An Interview with Edward Shearmur by Randall D. Larson
Originally published in Soundtrack Magazine Vol.17/No.67/1998
Text reproduced by kind permission of the editor, Luc Van de Ven and Randall D. Larson
Edward Shearmur, acclaimed for his music for 1997’s WINGS OF THE DOVE, began in England through an association with Michael Kamen, whom he met shortly after completing school in 1988. Kamen took on the young musician as an assistant, and Shearmur got his musical feet wet orchestrating, programming, and playing keyboard on such films as LETHAL WEAPON and DIE HARD.After several small British films, Shearmur’s music for WINGS OF THE DOVE won a nomination for the British Academy Award for best film music. An assignment to score SPECIES II, the sequel to 1995’s successful horror film, brought Shearmur to Hollywood. His latest score, THE GOVERNESS, demonstrates a more lyrical tradition, as will his next score, JACOB THE LIAR.
You started out working with Michael Kamen. How did that apprenticeship, as it were, prepare you for what you’re doing now in film composing?
It’s one of the best ways of learning scoring from the inside out. You tend to learn stuff they really can’t teach you at film school. Part of the art of scoring is the collaborative nature, with a director, with a producer, and that’s not really anything you can learn in the classroom.
It’s like taking the theory you got in the classroom and learning to apply it.
Exactly. The art of showing somebody your material, of doing a demonstration of what you’re doing, is one of the major elements of the job, aside from the nuts and bolts of writing the music. It’s a real collaborative endeavor.
From that, how did you get involved in your first film score, THE CEMENT GARDEN?
That was being produced by a friend of mine. There wasn’t a huge amount of money to spend on the score, and that was where my break came from.
That was in England?
Yeah. Luckily, it was a film that lent itself to a very interesting score. We recorded the score in Munich; in fact we recorded the entire thing in a day, and then mixed it all in a day. So there wasn’t a great deal of time, but an interesting score came out of that. Just having spent that time with Michael, I wasn’t too fazed by the pressure of the score.
How did you get the assignment to score SPECIES II?
That came through working with Peter Medak. Michael had scored THE KRAYS for Peter, which was a fairly successful film in the UK, and then we collaborated together on a film called LET HIM HAVE IT, which Peter directed. Michael had written a lot of material for that film which I then developed and finished, so Peter and I had already established a working relationship, and then we did a film called THE HUNCHBACK, which was a TNT Movie of the Month.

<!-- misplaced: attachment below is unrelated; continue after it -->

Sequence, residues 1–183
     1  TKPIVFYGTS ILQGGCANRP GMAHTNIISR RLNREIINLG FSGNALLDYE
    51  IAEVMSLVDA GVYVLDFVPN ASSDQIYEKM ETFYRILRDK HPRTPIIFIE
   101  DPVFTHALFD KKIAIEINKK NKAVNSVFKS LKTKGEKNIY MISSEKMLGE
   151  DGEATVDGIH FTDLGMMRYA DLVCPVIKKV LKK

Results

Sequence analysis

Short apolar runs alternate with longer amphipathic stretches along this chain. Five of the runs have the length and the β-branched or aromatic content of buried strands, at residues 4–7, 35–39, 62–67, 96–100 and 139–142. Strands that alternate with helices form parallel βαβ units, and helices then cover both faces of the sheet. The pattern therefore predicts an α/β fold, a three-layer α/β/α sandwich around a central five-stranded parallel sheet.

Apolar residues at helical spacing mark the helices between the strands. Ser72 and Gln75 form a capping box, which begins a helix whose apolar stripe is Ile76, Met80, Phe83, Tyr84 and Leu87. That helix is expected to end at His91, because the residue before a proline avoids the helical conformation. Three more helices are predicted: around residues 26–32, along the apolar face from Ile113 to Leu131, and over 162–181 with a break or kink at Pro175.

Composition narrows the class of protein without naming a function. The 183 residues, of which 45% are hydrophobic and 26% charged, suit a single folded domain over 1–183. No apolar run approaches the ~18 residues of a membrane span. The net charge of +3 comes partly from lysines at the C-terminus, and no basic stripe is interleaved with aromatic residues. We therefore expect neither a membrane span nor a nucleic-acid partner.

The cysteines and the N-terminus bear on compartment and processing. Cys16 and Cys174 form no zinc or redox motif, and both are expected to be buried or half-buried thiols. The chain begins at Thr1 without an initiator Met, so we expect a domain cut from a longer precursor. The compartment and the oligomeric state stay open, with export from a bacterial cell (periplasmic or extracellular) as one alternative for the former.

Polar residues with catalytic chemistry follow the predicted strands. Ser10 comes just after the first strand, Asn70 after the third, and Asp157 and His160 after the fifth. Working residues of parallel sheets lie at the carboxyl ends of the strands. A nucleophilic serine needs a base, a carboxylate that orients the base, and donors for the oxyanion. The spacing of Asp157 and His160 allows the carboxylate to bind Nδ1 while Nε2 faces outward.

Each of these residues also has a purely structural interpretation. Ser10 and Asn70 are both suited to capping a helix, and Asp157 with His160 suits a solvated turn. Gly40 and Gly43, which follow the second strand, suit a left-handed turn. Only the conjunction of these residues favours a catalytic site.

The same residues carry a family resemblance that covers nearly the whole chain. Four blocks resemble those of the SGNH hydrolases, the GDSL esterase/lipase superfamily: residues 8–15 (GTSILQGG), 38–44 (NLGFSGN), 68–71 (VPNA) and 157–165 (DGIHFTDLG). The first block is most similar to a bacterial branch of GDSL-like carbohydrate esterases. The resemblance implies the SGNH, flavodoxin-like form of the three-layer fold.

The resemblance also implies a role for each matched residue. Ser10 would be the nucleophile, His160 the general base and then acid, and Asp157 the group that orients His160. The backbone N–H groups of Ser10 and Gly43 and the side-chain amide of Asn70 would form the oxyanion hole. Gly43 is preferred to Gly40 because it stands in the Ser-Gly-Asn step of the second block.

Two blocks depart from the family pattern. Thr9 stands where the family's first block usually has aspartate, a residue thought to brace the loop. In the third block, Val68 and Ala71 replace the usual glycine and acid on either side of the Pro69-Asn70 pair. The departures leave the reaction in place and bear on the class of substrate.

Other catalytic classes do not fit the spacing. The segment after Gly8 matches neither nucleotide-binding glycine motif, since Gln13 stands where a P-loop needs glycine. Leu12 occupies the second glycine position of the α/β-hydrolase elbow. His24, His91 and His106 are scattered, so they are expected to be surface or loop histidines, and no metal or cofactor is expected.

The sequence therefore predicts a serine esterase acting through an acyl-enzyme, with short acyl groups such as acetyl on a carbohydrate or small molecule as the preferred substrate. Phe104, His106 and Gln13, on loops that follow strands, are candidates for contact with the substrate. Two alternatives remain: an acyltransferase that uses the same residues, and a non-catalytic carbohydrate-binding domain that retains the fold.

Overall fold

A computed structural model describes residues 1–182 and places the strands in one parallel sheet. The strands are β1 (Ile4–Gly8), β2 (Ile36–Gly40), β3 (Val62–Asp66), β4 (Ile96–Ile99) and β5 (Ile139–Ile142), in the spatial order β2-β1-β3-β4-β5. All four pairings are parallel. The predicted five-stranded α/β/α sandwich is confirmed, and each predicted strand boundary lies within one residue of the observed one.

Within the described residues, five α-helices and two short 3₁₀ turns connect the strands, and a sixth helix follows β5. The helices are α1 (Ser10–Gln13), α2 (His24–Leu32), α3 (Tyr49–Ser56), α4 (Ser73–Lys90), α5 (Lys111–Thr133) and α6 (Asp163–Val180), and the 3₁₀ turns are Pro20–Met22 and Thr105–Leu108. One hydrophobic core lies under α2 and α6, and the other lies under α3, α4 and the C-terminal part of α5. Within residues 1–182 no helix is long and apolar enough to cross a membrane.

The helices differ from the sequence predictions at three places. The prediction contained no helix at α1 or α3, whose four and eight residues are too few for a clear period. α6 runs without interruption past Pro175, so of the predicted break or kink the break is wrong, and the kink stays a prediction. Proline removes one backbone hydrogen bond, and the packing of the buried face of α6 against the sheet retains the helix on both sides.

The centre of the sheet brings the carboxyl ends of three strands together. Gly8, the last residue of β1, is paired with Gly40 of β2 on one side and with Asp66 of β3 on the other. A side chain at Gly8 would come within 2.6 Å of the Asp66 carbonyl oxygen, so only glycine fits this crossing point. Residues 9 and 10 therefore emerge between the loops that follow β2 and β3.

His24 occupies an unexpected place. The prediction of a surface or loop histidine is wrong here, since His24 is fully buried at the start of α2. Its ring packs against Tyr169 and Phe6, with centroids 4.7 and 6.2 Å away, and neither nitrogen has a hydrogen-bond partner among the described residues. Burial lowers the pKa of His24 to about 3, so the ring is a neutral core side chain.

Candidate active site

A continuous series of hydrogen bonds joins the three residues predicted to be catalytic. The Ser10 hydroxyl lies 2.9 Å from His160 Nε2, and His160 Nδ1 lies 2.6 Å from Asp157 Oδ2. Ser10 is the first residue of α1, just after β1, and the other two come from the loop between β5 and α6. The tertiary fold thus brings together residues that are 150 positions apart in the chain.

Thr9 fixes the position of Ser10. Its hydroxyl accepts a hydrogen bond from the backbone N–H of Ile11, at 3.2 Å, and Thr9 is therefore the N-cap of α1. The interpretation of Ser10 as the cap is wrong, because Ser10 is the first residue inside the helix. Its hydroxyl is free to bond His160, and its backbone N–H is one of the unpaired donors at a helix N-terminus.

Oh, that was the version of Hunchback of Notre Dame?
Right. So having done that, that was a very successful relationship and we just continued that on into SPECIES II.
Okay. Now, take yourself back a year or so. You’ve just gotten the assignment to score SPECIES II. You may or may not be familiar with the first film or its music, but what was your initial impression and how did you figure out how to approach that project?
I had seen the first film when it came out. I didn’t go back and look at it when they approached me to do the sequel. I think Christopher Young’s approach was a very, very interesting and innovative approach. I remember being very impressed by the score. This was another film entirely, the interplay of the characters was different, and I think they were looking for maybe a slightly sexier approach in this film. Sometimes it’s quite useful to wipe the slate clean and just approach what I’m working on with fresh eyes, which is what I tried to do.
How much direction did Peter Medak give you on the type of music he wanted?
We discussed a lot of different approaches; I was very keen to incorporate as much electronics into the score as we could. He was very keen to have a large orchestral palette, so it was just a question of incorporating those two elements as much as possible. And into the bargain, as is common with that type of film, you have to fight with the huge sound effects. Maybe some of the subtleties in that score got lost on account of the Helicopter That Ate New York…